REGIONAL CONFLICTS THWART UPS-TEAMSTERS PACT

REGIONAL CONFLICTS THWART UPS-TEAMSTERS PACT

The hard-fought labor contract between United Parcel Service and the Teamsters union hit aconstitutional snag in the vote tally from the rank-and-file, forcing negotiators back to the bargaining table.

On Monday, Teamsters union leaders - previously confident that their four- year contract would pass the 165,000-member UPS rank-and-file - acknowledged that the pact hit a brick wall.While the national contract was approved by more than a 2-to-1 margin, six of the 16 regional supplemental agreements were rejected. As a result of a constitutional Teamsters amendment passed in 1991, all supplements must be approved for the master UPS contract to be ratified.

The UPS national contract was approved by a vote of 61,387 to 30,640 in ballots received in the mail for the last month.

Ironically, it was then-outsider Ron Carey, who pushed the constitutional amendment to give local units more power against the Teamster hierarchy. Today, Mr. Carey, as president of the Teamsters international, had to ask both sides back to the bargaining table.

"There is no national contract until we can get these things worked out," said Mario F. Perrucci, chief negotiator on the Teamsters UPS national negotiating committee. "We're going to go back and get the parties together and see if we can work out these issues that seem to be the sticking points."

While a contract extension to which both sides agreed remains in effect, Mr. Perrucci said the union was not willing to be patient. The Teamsters, he said "will take a hard look at job actions if these things cannot be worked out."

"But we are going to see what those issues are before we would keep 165,000 members from working. They may not be critical," he said.

Before 1991, supplements were negotiated independently by regions, with national contract stipulations generally superseding such pacts.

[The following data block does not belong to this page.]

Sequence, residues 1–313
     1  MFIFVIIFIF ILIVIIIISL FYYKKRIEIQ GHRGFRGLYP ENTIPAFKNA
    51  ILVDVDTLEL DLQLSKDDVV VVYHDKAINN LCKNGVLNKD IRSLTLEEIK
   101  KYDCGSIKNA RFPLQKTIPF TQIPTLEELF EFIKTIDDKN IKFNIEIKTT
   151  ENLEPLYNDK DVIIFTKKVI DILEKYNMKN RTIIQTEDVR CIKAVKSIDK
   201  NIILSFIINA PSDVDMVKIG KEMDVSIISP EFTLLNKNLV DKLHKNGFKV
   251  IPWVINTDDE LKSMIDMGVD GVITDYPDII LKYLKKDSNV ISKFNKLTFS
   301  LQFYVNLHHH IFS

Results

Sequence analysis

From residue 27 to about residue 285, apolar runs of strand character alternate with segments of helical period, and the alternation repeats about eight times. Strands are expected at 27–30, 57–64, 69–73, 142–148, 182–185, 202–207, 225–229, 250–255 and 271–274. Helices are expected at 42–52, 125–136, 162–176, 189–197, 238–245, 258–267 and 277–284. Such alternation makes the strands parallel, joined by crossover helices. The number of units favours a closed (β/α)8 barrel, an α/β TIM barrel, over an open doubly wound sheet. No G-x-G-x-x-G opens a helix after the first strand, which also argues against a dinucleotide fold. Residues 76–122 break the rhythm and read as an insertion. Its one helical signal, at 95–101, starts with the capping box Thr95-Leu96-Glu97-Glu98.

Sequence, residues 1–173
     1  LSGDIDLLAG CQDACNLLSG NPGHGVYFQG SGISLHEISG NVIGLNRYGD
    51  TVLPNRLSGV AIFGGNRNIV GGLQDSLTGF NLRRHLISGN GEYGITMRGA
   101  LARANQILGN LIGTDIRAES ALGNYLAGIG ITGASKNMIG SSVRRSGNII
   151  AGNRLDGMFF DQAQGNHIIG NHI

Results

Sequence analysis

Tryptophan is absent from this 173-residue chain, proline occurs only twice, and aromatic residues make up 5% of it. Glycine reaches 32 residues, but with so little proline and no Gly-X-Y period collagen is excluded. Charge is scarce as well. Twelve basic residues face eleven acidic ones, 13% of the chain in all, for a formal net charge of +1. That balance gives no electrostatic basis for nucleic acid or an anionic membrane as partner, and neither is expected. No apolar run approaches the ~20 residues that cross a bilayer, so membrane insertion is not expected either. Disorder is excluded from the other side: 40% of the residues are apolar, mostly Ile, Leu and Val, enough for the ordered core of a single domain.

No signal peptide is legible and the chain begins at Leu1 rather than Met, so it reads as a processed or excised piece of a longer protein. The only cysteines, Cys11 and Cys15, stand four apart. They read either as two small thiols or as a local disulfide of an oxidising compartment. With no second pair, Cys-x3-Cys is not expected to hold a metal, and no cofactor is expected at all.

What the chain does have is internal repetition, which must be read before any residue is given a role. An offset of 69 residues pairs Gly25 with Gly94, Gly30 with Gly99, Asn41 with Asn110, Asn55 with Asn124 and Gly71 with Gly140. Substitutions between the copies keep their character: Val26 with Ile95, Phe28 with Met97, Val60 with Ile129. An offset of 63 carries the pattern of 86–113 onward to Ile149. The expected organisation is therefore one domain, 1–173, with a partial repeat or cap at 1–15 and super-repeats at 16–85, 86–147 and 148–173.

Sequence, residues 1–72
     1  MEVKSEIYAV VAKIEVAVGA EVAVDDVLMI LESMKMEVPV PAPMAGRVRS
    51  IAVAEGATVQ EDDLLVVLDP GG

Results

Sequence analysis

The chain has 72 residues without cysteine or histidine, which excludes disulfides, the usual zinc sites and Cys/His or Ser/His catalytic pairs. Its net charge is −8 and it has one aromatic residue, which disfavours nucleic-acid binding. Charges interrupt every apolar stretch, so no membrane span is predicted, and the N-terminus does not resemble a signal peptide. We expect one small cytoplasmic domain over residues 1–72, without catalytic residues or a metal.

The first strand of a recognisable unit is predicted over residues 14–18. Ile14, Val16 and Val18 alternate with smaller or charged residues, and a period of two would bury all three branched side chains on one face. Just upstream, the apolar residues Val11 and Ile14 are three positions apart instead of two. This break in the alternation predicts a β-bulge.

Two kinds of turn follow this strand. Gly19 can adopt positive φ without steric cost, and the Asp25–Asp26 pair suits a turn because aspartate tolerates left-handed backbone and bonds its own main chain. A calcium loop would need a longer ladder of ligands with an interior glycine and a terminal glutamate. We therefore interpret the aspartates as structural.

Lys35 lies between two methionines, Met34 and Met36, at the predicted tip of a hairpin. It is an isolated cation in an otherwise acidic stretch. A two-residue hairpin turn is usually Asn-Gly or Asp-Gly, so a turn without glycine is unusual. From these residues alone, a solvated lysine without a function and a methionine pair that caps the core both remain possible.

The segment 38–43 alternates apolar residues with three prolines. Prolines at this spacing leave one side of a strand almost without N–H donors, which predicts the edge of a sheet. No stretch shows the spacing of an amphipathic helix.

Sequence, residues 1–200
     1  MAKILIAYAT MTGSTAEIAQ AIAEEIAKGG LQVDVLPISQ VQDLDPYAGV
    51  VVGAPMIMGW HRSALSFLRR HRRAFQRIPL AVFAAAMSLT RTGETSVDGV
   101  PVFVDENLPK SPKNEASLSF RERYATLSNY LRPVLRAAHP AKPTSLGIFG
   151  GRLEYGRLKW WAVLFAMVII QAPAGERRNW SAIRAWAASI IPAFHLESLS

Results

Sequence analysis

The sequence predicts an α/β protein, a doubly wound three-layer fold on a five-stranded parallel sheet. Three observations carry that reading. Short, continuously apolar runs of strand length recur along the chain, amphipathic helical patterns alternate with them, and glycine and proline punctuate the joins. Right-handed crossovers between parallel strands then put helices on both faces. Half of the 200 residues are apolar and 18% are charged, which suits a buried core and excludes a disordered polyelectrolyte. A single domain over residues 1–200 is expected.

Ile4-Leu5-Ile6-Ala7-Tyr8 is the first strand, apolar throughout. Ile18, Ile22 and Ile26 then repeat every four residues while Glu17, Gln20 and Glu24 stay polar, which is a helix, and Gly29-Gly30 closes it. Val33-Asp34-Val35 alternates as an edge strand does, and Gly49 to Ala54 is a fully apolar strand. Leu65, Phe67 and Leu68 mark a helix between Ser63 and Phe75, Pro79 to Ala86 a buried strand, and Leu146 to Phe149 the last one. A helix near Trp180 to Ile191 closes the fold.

Regional supplements deal with everything from work rules, uniform reimbursements, hiring scale for seasonal help to pension contributions. Each varies depending on local conditions, and union leaders said they would evaluate each to address members' complaints.

Ken Sternad, a spokesman for UPS, acknowledged that some regional supplements had not passed. But he said "no one is talking about job actions, and we feel it is business as usual. It's a done deal."

Mr. Perrucci said he expected UPS to take court action to press its claim that the contract is approved, if it cannot reach an agreement on the supplemental pacts.

"I would say that the company would take a legal stand that since the national contract was ratified, it would not have to be bound by the regionals," he said.

A spokesman for the Teamsters said the union would likely sit down this week with UPS and renegotiate the regional supplements, then vote in those regions. No new national referendum would be conducted, said Bernie Mulligan, the spokesman.

The supplemental agreements were rejected by a wide margin in western Pennsylvania, and in closer votes central Pennsylvania, a portion of Maryland, Puerto Rico, New Jersey, and the Atlantic area, which stretches from Baltimore to South Carolina, Mr. Perrucci said.

He said he asked UPS not to pay the retroactive pay and benefits due to members since the expiration of the last contract on July 1. But the chief negotiator said he expected the company to claim that the contract was complete.

The Teamsters for a Democratic Union, a key union faction that earlier supported Carey in his efforts to win the union presidency, said it supported the union's position.